We selected another day to celebrate Ted’s birthday, starting with a visit to Historic Main Street in St. Charles. All the stores (and most of the shopkeepers) were decorated and dressed in holiday fashion and, just like us, there were lots of people enjoying the festive atmosphere.

Grandma’s Cookies is a favorite stop for warm cookies, hot chocolate, and coffee. You can see the line of people across the street, all waiting for a warm cookie. The line was actually three times longer than what you see in the photo below, but the cookies are worth the wait.

There were so many people downtown that we had to park quite far away. That gave our group a chance to walk back to our cars along the Missouri Riverfront and past the Katy train station.

On the way to our cars, we saw the Grinch biking on the Katy Trail, which runs along the Missouri River. It looks like he’s bringing Christmas, not stealing it. Check out the reindeer pulling his bike/sleigh.

Ted chose Fratelli’s Italian Restaurant for his birthday dinner–a gift from the kids, who included my meal as well. (We have great kids!) We were all so busy having a good time together that we didn’t think about taking birthday pictures, so here’s a picture of Ted on his 40th birthday. Except for the hair color and the huge 80s glasses, he doesn’t look much different all these years later. ♥♥

Another day was designated as our early Christmas Day together. We opened gifts, enjoyed Christmas cookies and candy, did a lot of talking, and played some games.

Thom helped Hadley get started with her pile of gifts.

She got a soft puppy from Grandma and Grandpa and immediately said “puppy” with a big smile. She has quite a large vocabulary for an 18-month-old.

We gave Sefton The Book With No Pictures. He could read the story himself and giggled at the nonsense words. While Sefton giggled, Hadley found a local newspaper in the magazine rack and decided to check out what’s happening in our area.

Ted and Annette have a reputation among family members for becoming a little ant-sy if the after-meal chatter continues too long and the dishes haven’t been started. At the first indication that it won’t be impolite to get up from the table to start loading the dishwasher, they are hard at work. In recognition of their efforts, Kathy and I designed and made buttons for them that read “#1 DISHES TEAM.” Here they are, wearing their buttons and doing what they do well.

You can tell by Annette’s and Hadley’s smiles in the photo above that, once again, we were having so much fun together, no one remembered to take a group photo to prove we were all together at the same time. Here’s a “half of the group” photo that Kari took at Ted’s birthday dinner at Fratelli’s. Like everyone else, she was having so much fun, she forgot to take a picture of the other half of the group at our second table.

And here’s a substitute Christmas family photo from 1994–an earlier Christmas when all the kids were home.

Katie found Thom and Hadley like this after all the celebrating.

And, just like that, it was over. The kids and grandkids headed back to their own homes. It was great to have them all here, and yes, it was a rush to be ready fifteen days before Christmas, but it left us with nothing to be done for the entire week preceding December 25. We had lots of time to relax and to remember and talk about how nice it was for all of us to be together.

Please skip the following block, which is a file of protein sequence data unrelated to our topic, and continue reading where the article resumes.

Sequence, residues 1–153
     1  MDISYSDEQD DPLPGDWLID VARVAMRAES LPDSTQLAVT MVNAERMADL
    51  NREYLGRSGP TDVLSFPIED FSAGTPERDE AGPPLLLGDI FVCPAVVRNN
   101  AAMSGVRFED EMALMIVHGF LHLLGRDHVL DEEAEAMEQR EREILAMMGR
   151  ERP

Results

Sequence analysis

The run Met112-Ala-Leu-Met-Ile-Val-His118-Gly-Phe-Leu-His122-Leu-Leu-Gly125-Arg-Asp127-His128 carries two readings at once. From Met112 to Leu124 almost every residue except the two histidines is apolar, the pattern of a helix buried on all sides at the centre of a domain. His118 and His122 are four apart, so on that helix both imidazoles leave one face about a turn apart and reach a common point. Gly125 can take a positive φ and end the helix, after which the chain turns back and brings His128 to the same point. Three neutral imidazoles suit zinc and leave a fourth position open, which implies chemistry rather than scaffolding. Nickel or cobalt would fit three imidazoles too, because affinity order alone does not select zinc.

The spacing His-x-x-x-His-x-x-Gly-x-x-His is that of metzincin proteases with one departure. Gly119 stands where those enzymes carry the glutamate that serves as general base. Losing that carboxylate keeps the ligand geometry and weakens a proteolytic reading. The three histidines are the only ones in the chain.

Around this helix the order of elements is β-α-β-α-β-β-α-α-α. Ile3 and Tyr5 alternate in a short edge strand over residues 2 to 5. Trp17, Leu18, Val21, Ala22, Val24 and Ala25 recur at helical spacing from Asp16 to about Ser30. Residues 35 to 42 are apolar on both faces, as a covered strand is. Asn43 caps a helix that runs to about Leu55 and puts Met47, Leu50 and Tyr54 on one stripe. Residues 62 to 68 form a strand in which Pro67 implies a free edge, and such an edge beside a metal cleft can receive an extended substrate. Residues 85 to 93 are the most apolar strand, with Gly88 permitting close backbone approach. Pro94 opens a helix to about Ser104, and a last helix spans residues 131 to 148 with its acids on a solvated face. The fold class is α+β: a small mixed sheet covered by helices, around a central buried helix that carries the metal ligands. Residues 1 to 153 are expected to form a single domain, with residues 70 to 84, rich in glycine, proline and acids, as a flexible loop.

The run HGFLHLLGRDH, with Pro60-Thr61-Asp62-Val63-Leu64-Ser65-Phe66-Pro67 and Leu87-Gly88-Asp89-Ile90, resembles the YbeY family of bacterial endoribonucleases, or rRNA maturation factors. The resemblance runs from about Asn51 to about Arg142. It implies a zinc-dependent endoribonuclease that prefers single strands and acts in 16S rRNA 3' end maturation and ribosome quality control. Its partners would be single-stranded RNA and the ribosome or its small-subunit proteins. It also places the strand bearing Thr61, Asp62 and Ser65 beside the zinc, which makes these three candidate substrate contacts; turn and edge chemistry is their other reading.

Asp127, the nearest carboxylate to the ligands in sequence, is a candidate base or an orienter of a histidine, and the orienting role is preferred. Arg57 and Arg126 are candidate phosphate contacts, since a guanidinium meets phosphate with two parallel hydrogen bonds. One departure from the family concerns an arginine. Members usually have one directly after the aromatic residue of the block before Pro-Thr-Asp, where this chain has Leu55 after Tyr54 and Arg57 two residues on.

On Christmas Day, Kari’s family came over so that our families could be together on the real holiday. She and I decided to serve finger foods only–minimal prep and minimal clean-up–before we all watched the new Elvis movie. It was another good day with our family.

With a little bit of furniture re-arrangement, we could all see Elvis on the TV screen around the Christmas tree.

Merry Christmas, happy new year, and peace on earth, goodwill to all.

For the first time in a number of years, we spent Thanksgiving with Kathy and Annette at their home. Countless other people were also using Travel Wednesday to reach their destinations. With all those other travelers and two minor traffic accidents as well, our drive took us an hour longer than usual. When we arrived, the table was set, the burning candles were scenting the air, and dinner was ready–good, warm baked potato soup with freshly-baked coffee cake. Perfect after a long drive. After dinner, we baked an apple and a pumpkin pie. They smelled so good, we thought it would be best to taste them while they were still at their peak: warm from baking. Awesome!

On Thanksgiving Day, we were treated to a delicious brunch in Kathy and Annette’s newly refinished dining room. The stripped, stained, and varnished hardwood floor, the newly painted walls, and the crown molding turned out beautifully.

After lunch, it was time for a walk for everyone except me–I’m still limited in the amount of time I can spend on my repaired right foot. I was content with some quiet time and the others were refreshed by a walk in the beautiful weather.

Thanksgiving dinner was easy. Literally. We had Easy Chicken. I’ve never been fond of turkey, and I heard that turkey is quite expensive this year. I don’t know if that’s the reason, but I know a lot of people who shared non-traditional Thanksgiving dinners this year–including one that featured all Italian food. If that’s a new trend, Ted and I were way ahead of the times with our family. I’ve never made a traditional Thanksgiving dinner, but for as long as we’ve been married, I’ve cooked what we call a “thankful” meal that gives everyone an opportunity to choose a food for which they are thankful. Some foods were the same every year, and some changed.

Before leaving home, Ted and I were shopping and I saw this sign.